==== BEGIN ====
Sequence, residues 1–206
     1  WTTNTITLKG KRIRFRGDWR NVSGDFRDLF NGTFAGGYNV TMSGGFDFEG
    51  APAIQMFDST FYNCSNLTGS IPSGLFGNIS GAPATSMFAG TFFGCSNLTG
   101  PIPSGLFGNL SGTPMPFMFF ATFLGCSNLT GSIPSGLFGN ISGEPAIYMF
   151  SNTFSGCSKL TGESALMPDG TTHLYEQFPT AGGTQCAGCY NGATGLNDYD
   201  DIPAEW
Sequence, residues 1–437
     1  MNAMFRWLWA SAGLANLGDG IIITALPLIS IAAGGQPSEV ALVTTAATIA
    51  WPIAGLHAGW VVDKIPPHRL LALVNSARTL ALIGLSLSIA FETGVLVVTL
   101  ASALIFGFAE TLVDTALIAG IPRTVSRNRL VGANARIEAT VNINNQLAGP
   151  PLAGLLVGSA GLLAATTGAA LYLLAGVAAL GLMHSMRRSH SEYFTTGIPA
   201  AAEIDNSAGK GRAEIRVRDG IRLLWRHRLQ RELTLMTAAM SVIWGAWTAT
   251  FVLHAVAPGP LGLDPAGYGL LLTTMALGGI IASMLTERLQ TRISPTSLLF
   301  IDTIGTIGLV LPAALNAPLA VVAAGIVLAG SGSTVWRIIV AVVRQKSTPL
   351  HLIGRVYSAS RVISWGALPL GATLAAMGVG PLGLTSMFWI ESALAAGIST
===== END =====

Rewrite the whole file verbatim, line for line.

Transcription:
Sequence, residues 1–206
     1  WTTNTITLKG KRIRFRGDWR NVSGDFRDLF NGTFAGGYNV TMSGGFDFEG
    51  APAIQMFDST FYNCSNLTGS IPSGLFGNIS GAPATSMFAG TFFGCSNLTG
   101  PIPSGLFGNL SGTPMPFMFF ATFLGCSNLT GSIPSGLFGN ISGEPAIYMF
   151  SNTFSGCSKL TGESALMPDG TTHLYEQFPT AGGTQCAGCY NGATGLNDYD
   201  DIPAEW
Sequence, residues 1–437
     1  MNAMFRWLWA SAGLANLGDG IIITALPLIS IAAGGQPSEV ALVTTAATIA
    51  WPIAGLHAGW VVDKIPPHRL LALVNSARTL ALIGLSLSIA FETGVLVVTL
   101  ASALIFGFAE TLVDTALIAG IPRTVSRNRL VGANARIEAT VNINNQLAGP
   151  PLAGLLVGSA GLLAATTGAA LYLLAGVAAL GLMHSMRRSH SEYFTTGIPA
   201  AAEIDNSAGK GRAEIRVRDG IRLLWRHRLQ RELTLMTAAM SVIWGAWTAT
   251  FVLHAVAPGP LGLDPAGYGL LLTTMALGGI IASMLTERLQ TRISPTSLLF
   301  IDTIGTIGLV LPAALNAPLA VVAAGIVLAG SGSTVWRIIV AVVRQKSTPL
   351  HLIGRVYSAS RVISWGALPL GATLAAMGVG PLGLTSMFWI ESALAAGIST